Will 16 Gb Fibre Channel Derail FCoE?
FCoE was a hot topic at the Interop conference, but the crowd’s reactions were of skepticism rather than enthusiasm. In both of my sessions, many of the questions focused on the “why” of switching to Ethernet for FC storage rather than the “when”.And the advent of 16 Gb Fibre Channel, much in the news with all major vendors rolling out products this quarter, begs the question: Why use a 10 Gb Ethernet standard that remains in flux when 16 Gb FC is shaping up nicely?
It’s important to recognize that neither 16 Gb FC nor 10 Gb FCoE is really ready for prime time at this point. FCoE is functional as an edge-only protocol, and is gaining traction in specialized use cases like blade servers. But end-to-end FCoE requires integrated Fibre Channel Forwarding and Ethernet fabric technology that remains decidedly experimental, and interoperability is a serious question. The calendar will read “2013” before customers can go out and buy Ethernet switches that are fully capable of plug and play, multi-vendor operation.
16 Gb Fibre Channel is decidedly bleeding edge as well, however. A few HBAs and switches have been announced, but most are only shipping in small volume if at all. And although interoperability among vendors and with previous 8 Gb equipment looks good, it’s not a done deal yet.
But the price premium for 16 Gb FC isn’t that high, and I’m hearing lots of talk about design wins from major OEMs. Analysts expect volume shipment of 16Gb equipment in 2012, though it won’t become the majority flavor of FC for another 2 to 3 years after that. A major benefit for both native FC and FCoE is the ease with which they can be added to an existing FC SAN. Both will plug right in, enabling future compatibility right off the bat and faster performance in the future. And a new generation of HBAs are appearing which will work with either standard, allowing customers to buy client-sideequipment now without committing to one or the other in the coming years.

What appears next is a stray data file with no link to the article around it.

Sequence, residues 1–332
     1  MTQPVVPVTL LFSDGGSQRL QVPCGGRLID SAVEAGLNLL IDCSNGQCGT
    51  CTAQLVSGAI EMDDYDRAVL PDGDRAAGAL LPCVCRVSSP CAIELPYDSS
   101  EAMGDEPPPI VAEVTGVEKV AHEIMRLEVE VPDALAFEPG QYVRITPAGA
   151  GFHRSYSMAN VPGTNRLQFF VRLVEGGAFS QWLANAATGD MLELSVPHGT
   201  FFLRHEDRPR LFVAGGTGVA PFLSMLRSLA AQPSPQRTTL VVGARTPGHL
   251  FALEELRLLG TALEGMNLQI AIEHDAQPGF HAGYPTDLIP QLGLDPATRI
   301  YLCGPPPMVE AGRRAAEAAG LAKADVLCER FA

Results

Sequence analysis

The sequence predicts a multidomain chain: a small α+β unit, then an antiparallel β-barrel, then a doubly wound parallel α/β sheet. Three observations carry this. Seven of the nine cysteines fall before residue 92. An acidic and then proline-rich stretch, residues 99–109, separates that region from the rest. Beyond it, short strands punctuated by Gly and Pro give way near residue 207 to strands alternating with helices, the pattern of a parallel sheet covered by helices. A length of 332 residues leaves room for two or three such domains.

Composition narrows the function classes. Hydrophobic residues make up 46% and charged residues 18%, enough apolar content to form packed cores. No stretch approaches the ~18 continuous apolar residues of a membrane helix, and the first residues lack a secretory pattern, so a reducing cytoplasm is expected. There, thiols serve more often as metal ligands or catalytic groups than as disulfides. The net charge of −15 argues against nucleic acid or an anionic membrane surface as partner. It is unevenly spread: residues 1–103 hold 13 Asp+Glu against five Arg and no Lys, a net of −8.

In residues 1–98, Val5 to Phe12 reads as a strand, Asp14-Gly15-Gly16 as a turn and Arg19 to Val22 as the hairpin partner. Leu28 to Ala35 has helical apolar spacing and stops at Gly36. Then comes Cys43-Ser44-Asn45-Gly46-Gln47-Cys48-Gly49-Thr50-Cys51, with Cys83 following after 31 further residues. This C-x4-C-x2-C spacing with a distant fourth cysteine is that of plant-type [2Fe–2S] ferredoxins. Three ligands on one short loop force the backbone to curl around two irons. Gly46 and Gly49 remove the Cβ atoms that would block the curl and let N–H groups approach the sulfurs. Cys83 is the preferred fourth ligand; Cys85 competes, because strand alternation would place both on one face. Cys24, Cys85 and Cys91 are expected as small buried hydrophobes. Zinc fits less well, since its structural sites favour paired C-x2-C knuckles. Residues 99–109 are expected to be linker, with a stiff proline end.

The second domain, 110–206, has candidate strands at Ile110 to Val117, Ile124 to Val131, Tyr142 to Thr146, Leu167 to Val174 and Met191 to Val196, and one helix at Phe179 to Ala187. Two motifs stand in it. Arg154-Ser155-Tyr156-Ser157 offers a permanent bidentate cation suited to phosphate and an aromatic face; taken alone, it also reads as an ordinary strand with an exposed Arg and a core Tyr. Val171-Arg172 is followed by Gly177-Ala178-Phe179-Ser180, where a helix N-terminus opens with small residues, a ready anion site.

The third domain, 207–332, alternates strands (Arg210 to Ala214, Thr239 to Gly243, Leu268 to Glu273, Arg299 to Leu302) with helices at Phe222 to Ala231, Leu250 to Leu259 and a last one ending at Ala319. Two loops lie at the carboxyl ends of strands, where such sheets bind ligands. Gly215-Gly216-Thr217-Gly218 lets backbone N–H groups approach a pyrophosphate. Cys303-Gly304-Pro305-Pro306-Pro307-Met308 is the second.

Customers are now beginning their evaluation of next-generation SAN equipment, and will likely allocate major budget spending to 16 Gb FC or 10 Gb FCoE in 2013 and 2014. Which will they choose if both are ready for prime time at that point.Storage is a conservative space since availability and reliability are so crucial to enterprise systems. They will not buy cutting-edge products without a good feeling about supportability.
Vendors are likely to make the difference here. Cisco will likely continue pushing integrated FCoE solutions with EMC and NetApp, but what will HP, Dell, and IBM do? Emulex, QLogic, and Brocade are eager to work with these system heavyweights and all offer solid 16 Gb FC roadmaps. History suggests that customers will side with their systems partners, and that native 16 Gb FC will continue to be attractive in the coming years. They need compelling motivation to switch to Ethernet.